Our hope is not in the next cheque, it doesn’t depend on whether or not we make it to Bible Study this week, it’s not about our children or grandchildren or spouse, and it is not based on how comfortable or uncomfortable our life is at this present moment…. in fact, if your life is uncomfortable right now it’s probably the best motivation to keep your focus on the day of Christ’s appearing!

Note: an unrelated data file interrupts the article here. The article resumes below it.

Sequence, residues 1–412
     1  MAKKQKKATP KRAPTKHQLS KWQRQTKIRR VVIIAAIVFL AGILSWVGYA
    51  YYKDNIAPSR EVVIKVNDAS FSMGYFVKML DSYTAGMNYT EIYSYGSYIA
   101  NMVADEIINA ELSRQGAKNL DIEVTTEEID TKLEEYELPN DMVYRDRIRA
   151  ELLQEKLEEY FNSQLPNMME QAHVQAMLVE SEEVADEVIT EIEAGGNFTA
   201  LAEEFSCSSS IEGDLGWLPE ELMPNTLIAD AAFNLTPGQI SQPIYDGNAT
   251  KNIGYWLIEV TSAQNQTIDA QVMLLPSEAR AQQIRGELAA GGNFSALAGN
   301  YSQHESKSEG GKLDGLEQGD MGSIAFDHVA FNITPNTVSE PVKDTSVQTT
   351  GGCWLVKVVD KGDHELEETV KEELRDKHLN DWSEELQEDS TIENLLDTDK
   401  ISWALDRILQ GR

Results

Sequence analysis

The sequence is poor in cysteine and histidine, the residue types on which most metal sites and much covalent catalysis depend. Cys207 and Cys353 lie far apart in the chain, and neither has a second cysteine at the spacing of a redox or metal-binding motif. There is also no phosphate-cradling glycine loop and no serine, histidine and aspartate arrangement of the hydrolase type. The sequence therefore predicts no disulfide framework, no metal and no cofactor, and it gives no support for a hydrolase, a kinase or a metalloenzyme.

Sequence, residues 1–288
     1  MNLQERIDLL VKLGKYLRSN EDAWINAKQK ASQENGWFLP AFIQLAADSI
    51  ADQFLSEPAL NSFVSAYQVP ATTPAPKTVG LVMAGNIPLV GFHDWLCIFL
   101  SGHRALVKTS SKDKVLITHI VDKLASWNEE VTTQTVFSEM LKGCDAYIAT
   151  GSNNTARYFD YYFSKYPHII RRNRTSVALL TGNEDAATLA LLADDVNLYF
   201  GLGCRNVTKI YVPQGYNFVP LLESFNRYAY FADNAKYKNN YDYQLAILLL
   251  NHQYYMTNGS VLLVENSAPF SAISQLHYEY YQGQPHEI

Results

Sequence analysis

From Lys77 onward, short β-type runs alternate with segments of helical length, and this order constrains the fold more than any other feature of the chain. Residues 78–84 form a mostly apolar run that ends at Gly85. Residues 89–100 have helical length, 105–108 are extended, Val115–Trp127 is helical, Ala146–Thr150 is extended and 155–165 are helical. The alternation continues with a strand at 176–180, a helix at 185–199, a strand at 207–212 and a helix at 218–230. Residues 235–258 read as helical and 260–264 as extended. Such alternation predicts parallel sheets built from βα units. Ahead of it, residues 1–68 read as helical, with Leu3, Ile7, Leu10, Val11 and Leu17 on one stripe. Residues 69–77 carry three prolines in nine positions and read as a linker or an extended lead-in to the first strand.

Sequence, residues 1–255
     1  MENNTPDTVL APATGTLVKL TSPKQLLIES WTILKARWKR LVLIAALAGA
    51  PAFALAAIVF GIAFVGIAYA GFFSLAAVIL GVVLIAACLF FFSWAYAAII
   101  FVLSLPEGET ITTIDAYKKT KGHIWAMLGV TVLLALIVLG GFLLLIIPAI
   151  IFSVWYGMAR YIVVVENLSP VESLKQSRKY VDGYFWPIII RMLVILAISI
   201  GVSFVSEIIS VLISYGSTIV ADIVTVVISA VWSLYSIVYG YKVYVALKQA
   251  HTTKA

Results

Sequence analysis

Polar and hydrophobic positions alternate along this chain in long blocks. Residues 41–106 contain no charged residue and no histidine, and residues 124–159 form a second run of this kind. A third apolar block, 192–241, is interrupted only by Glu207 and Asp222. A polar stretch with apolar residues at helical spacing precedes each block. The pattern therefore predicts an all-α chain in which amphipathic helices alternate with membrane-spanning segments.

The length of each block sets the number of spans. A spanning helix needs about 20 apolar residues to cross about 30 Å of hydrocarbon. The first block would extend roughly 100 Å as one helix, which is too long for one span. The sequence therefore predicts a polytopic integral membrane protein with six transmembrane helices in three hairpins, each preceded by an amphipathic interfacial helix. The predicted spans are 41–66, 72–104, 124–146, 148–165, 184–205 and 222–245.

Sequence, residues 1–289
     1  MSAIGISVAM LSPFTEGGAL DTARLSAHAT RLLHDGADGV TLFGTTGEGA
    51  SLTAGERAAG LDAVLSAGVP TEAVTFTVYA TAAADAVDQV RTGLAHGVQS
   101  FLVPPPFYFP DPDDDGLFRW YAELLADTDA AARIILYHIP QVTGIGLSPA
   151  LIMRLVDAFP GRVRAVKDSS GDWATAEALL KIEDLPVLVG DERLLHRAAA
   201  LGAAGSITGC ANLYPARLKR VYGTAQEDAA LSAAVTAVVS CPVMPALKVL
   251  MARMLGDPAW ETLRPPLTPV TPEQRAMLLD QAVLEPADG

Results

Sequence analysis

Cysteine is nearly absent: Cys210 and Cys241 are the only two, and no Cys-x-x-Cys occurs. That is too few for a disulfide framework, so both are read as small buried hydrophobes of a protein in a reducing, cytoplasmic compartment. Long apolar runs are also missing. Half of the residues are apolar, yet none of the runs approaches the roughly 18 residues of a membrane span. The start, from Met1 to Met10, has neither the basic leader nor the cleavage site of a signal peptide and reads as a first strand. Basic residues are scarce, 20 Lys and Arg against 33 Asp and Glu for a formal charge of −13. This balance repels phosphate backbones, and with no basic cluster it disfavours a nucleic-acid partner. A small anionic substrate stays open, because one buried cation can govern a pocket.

When my hope is set on the fullness of grace that will cover me on the day I meet Christ then the things that are stressing me out today totally melt away. Sure, the current reality of daily pressures are still there, but the angst is removed because I know that God is Sovereign and that His will WILL be done.
Grace & Peace,
“If I find in myself desires which nothing in this world can satisfy, the only logical explanation is that I was made for another world.”
– C.S. Lewis (Mere Christianity)